Deliveroo riders go on strike today as tech firm’s unconditional trading begins after disastrous market debut with £3bn wiped off £8.8bn valuation
- Independent Workers of Great Britain union want better pay and rights
- Deliveroo’s shares originally estimated the company to be worth near £8.8bn
- But when they went on sale the £3.90 each value fell to around £2.80 per share
Deliveroo riders have gone on strike today over their rights – as the food transport company’s disastrously performing shares begin unconditional trading.
The action by the Independent Workers of Great Britain union could not come as a worse time as stock plummeted after they went on sale last week.
Deliveroo’s shares originally estimated the company to be worth up to £8.8billion, but when selling started they plummeted to more than £3billion shy of that sum.
Retail investors – including thousands of loyal customers – had bought in at £3.90 a share, but today the stock market opened with them worth just £2.80.
It came as members of the IWGB union prepared to go on strike in London, Wolverhampton, Reading, York and Sheffield.
Vice-chair of the courier’s branch Wave Roberts, 24, said of their demands: ‘They are very simple: pay, rights and safety. Essentially riders want more security around their pay, at least minimum wage pay guarantee and the fees to increase dramatically. They want rights, they want an end to end fair terminations, they want to know they will be fairly treated.
Some Deliveroo riders are set to strike today over pay and conditions working for the company
‘In some of our dense areas I am certain there will be a dense impact.
‘We have members in the hundreds but I am not allowed to divulge exact numbers.
‘Customers like to buy into an ethical story. If they know people behind the product, behind the service are treated well and looked after that’s a way to buy in on its own,’ he added to Radio 4.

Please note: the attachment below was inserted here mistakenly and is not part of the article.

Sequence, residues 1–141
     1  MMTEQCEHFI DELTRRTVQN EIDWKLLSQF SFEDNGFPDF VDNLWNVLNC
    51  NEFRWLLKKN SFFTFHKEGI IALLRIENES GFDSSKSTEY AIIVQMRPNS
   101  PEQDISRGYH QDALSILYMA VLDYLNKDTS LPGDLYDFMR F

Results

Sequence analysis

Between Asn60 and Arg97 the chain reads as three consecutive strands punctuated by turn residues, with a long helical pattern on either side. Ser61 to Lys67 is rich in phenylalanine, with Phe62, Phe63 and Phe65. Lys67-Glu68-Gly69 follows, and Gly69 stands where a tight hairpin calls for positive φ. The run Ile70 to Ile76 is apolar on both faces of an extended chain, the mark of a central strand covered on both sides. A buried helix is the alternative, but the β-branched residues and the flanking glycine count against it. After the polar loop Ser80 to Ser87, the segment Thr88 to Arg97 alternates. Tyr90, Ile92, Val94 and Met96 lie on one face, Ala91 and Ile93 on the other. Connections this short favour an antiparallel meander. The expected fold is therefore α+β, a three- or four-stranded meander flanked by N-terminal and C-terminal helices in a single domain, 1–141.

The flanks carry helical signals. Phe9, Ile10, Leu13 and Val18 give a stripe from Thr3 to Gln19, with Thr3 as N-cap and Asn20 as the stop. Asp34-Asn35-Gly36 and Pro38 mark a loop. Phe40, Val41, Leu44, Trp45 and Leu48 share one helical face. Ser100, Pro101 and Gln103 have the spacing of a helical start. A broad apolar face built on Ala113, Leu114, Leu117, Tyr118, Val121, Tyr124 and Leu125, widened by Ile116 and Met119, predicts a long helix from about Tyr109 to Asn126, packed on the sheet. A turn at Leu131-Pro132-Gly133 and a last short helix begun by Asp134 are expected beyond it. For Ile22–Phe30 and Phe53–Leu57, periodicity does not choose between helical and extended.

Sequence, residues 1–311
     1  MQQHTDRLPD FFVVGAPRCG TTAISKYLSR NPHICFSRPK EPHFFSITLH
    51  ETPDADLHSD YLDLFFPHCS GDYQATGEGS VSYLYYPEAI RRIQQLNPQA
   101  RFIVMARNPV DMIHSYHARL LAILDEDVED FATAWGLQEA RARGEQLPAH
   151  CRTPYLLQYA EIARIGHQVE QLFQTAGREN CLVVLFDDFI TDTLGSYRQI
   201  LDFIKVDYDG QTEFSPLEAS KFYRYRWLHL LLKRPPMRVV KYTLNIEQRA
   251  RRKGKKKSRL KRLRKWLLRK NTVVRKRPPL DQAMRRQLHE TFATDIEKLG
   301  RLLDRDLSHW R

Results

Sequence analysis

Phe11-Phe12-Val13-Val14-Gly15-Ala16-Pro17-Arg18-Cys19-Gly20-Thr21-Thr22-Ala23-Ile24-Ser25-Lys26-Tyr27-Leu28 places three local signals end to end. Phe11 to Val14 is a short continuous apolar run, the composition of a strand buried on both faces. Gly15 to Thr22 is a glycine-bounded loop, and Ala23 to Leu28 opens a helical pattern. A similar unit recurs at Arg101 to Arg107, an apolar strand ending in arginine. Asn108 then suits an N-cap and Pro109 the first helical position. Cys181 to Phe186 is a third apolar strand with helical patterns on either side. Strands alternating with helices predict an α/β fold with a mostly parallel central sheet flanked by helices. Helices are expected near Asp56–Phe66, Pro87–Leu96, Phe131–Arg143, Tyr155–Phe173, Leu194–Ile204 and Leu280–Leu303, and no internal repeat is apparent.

Founder Will Shu, 41, who was the company’s first rider and still does regular delivery shifts on his bike, was expected to make £500million from the biggest float for a decade.
It had been trumpeted as London’s biggest listing for a decade, raising around £1billion to fund the company’s expansion efforts.
And Rishi Sunak, the Chancellor, had even hailed Deliveroo’s decision to go public in London as a ‘true British tech success story’.
Shares at the company were being sold to customers through the app before they floated
Deliveroo claim the views of the union do not represent the vast majority of its 50,000 self-employed riders in Britain, adding job satisfaction levels was at an all-time high, and that flexibility was a big attraction.
A spokesperson said: ‘This small self appointed union does not represent the vast majority of riders who tell us they value the total flexibility they enjoy while working with Deliveroo alongside the ability to earn over £13 an hour.
‘Only today we ran a survey and 88% of riders said that they were happy with the company and flexibility was their priority.
‘We are proud that rider satisfaction is at an all-time high and that thousands of people are applying to be Deliveroo riders each and every week.
‘Riders are at the heart of our business and today we are beginning a new consultation with riders about how we should invest our new £50m community fund.’
The shy and single Deliveroo ‘geek’ who STILL delivers meals himself, can only cook an omelette and just eats food from his own app
Deliveroo’s founder Will Shu is still expected to be out on his bike delivering food for the company today.
Most entrepreneurs about to take home approaching half a billion pounds would have already have put money down on a mansion or a super car.
But the notoriously private entrepreneur, 41, will probably treat today like any other, spending the day at his terraced house in Notting Hill, or at his office in the City, eating breakfast, lunch and dinner all ordered through the Deliveroo app.
Mr Shu, a self-confessed geeky American who moved to the UK to work for JP Morgan, founded the company in 2013 after being forced to eat Tesco sandwiches and salads during late shifts working as a banker in Canary Wharf.